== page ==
I'm Desak Ketut Raitawati, or 'Saktut.' I was born in Bali where my father was a farmer and my mother sold fruit in the market. I'm the youngest of children, and we lived a very simple life during my childhood.<br><br>At the age of 16, I started working after school in a clothing shop to lift a bit of weight from my parents. The toughest time in my life was in my schooldays, when my parents could not pay my tuition. This is why I decided to get a job, and this experience really helped me throughout my life. Later, I went on to graduate from a local hospitality school.<br><br>For many years, I worked in other people's clothing shops and I gained a lot of experience. I met talented tailors and batik artists and they made me see it was possible to work designing clothes on my own, although I still had doubts in myself. Through friends, I met a woman who taught me all about textiles. She has continued to support my work and also raised my confidence to start out on my own.<br><br>Now I make a variety of clothing with batik designs on rayon and cotton. For the coloring, I mainly use dyes that are environmentally friendly. Our team is mostly women, whom I want to support so that they can also support their children.<br><br>Friends describe me as optimistic, a fighter, and a diligent person. I am most at peace when I succeed in any of my life challenges. Even in my busiest days, I always make time for exercise as it is one of my hobbies. I am married, and we have been blessed with three boys. My feelings of motherhood are pure happiness and this motivates me to give my very best so my children can get a higher education and the best life possible.<br><br>You have made it possible for me to sell my designs throughout the world without opening a shop. This makes me so proud and happy. My children will all be able to go to the university so that they will have many choices in life.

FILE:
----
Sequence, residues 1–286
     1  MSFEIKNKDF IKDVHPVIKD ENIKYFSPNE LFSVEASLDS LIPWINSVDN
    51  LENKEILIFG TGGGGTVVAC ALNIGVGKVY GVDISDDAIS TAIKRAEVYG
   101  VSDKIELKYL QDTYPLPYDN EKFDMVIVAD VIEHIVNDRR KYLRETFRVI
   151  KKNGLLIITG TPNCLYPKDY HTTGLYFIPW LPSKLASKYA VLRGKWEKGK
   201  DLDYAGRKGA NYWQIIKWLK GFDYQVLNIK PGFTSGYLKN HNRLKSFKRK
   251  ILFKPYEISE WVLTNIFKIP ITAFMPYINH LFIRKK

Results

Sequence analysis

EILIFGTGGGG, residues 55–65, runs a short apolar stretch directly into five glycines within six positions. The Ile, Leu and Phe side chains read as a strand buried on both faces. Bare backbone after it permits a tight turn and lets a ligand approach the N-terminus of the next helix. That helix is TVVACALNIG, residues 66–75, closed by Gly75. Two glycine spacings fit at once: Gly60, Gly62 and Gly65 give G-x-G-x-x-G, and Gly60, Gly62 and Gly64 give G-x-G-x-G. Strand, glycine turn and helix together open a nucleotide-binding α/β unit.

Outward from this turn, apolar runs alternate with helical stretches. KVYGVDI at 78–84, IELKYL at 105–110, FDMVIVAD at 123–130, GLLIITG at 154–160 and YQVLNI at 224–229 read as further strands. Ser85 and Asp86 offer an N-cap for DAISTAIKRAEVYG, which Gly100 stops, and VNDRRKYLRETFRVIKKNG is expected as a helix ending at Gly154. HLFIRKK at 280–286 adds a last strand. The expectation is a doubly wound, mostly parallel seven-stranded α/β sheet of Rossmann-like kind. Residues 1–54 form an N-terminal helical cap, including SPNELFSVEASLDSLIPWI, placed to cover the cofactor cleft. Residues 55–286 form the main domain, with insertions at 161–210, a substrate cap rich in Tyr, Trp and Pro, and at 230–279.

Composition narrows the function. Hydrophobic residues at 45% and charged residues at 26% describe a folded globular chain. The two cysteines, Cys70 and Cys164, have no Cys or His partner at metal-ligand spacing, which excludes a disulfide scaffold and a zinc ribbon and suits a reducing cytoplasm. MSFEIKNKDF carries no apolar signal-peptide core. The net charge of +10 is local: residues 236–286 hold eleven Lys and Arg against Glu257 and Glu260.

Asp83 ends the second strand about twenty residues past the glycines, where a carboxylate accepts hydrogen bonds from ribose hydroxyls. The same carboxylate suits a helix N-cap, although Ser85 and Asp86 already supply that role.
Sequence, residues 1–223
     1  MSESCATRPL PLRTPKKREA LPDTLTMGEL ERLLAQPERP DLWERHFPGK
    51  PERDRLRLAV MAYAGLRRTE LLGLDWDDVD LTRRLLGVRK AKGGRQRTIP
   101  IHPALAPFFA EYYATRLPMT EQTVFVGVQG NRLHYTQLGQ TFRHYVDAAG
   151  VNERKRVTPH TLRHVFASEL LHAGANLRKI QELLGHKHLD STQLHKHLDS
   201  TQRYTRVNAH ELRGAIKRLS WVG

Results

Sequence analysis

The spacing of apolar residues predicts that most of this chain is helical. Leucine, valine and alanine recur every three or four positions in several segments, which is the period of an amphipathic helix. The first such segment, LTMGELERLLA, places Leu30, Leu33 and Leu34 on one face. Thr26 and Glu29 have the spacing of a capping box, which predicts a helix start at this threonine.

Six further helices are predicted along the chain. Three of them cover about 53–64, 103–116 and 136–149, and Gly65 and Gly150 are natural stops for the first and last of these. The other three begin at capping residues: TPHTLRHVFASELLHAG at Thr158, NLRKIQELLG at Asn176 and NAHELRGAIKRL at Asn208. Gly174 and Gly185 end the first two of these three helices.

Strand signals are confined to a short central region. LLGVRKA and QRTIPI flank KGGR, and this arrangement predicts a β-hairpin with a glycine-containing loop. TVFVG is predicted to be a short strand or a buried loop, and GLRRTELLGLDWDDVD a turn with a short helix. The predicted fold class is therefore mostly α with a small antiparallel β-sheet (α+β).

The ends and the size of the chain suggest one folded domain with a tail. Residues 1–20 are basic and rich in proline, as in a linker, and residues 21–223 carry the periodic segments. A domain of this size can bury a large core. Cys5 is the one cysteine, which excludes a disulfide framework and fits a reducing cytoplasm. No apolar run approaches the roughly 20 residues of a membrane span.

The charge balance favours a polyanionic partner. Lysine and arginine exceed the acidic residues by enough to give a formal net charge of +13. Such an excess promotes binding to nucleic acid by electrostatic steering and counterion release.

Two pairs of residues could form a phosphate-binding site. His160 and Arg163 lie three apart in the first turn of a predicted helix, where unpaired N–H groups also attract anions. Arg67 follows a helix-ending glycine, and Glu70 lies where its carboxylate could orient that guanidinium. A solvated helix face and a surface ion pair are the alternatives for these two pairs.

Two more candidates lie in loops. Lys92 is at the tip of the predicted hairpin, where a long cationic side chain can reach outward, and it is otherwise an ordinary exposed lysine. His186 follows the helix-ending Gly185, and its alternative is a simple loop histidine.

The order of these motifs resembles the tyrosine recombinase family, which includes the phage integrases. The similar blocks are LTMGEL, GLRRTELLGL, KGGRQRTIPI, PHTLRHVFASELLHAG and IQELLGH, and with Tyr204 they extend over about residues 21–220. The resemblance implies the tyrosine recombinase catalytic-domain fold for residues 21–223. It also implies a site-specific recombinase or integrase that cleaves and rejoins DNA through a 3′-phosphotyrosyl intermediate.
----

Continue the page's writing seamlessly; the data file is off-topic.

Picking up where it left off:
In the Andes, the Land of the Four Corners, mountains are sacred. So is culture. The Nazca lines, the Wari glyphs, the Quipu knots and the complex multi-colored textiles of the Incas are all recorded and live on the work of contemporary Peruvian artisans.